On the road leaving the temple, we passed blue altars devoted to Krishna, a shrine at the base of a tree where pictures of snakes—twinned and coiled, hooded cobras rising to strike—were set in frames like family portraits, and I thought of Ouroboros, the snake eating its own tail. Dear Philosopher King, you were so familiar to me, and yet it was as if I had never met anyone like you before. You would tell me our alchemy was all wrong, that we were too alike to be drawn to one another, and yet we were. Sometimes, it seemed as if my desire for you was all I had. Would I recognize myself in your first book, I asked you, the book in which you describe not particular women but types. Maybe, you said.
Down by the river, we found a cart selling roasted corn rubbed with lime and chili, another where a man turned the wheel of what looked like an old sewing machine, a sugar cane press, pouring the juice over ice. People sat at picnic tables eating and talking, crows fluttering in the dark pines above. At the water’s edge, boys took off their shirts and pushed one another into the water to swim against the current. Downstream, an old tin shack stood half-submerged, the river spilling through its single door. The women and girls stayed close to the shore, wading into the water in their saris, the brightly colored fabric floating around them like flowers.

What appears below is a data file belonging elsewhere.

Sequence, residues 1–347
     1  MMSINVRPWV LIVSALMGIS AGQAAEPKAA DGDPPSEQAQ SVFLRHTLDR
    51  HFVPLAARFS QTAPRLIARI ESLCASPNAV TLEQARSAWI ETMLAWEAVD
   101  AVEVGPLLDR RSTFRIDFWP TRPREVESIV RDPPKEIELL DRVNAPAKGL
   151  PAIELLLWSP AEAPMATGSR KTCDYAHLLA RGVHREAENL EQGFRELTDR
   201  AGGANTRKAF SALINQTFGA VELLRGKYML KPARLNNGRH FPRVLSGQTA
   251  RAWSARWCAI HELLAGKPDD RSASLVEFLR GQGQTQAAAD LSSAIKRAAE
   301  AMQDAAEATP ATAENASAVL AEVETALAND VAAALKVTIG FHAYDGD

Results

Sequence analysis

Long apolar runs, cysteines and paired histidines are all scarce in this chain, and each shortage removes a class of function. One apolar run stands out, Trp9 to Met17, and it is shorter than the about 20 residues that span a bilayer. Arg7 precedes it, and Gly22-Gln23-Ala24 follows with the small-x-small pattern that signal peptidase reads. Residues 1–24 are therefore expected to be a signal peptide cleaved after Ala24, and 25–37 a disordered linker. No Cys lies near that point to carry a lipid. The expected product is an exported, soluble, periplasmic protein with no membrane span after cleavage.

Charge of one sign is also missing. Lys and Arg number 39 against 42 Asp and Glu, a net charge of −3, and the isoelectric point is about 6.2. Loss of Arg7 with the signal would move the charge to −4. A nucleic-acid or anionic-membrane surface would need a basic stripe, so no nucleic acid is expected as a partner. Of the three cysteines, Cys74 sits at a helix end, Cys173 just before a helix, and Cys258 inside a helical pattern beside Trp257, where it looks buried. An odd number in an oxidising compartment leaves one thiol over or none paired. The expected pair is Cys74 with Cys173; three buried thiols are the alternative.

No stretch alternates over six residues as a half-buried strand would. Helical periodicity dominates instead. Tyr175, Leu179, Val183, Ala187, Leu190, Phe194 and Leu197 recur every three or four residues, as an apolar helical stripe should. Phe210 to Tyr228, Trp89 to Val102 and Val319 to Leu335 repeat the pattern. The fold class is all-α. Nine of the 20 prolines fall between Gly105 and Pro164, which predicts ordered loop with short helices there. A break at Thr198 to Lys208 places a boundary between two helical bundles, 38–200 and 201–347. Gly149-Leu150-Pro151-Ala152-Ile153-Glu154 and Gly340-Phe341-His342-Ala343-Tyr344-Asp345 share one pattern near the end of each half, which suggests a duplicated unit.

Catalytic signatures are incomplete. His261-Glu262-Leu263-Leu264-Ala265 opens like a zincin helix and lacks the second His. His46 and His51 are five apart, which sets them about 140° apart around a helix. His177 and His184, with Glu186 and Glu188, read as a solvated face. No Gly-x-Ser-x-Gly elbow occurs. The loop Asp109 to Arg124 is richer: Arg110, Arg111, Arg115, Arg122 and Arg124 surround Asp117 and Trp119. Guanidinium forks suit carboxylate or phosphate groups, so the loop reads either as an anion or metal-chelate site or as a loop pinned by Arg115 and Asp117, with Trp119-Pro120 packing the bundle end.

R. shook her head then reached over and rubbed her thumb against my forehead, wiping the red powder away.
In traditional Indian architecture, a man tells me, the door of a house should be small to regulate the flow of good and evil, and because to enter through a small door one must bow, must humble oneself, before coming in. But if the door faces an inauspicious direction, or if it is cluttered or ugly, then the house’s inhabitants will live a life of disappointment, lovers will fight and their friends grow tiresome, the food they cook will taste lousy. But a woman tells me that the door is the mouth of a house and so it should be large and inviting. Simhadwaram, she calls it, the lion’s gate.
By late October, the tree outside the Philosopher King’s apartment had lost its leaves and we could see the cemetery across the street. The city was gone. He came out of the kitchen carrying a plate of ribs—the fifth, sixth, seventh, and eighth and the long serratus muscle which, when roasted, would turn dark and sweet. I had made a tart of fresh figs and pine nuts, candied ginger pressed into the crust. We sat at the table and the Philosopher King talked about the lilacs that grew outside of Grant’s window and which he said the old president had smelled as he was dying.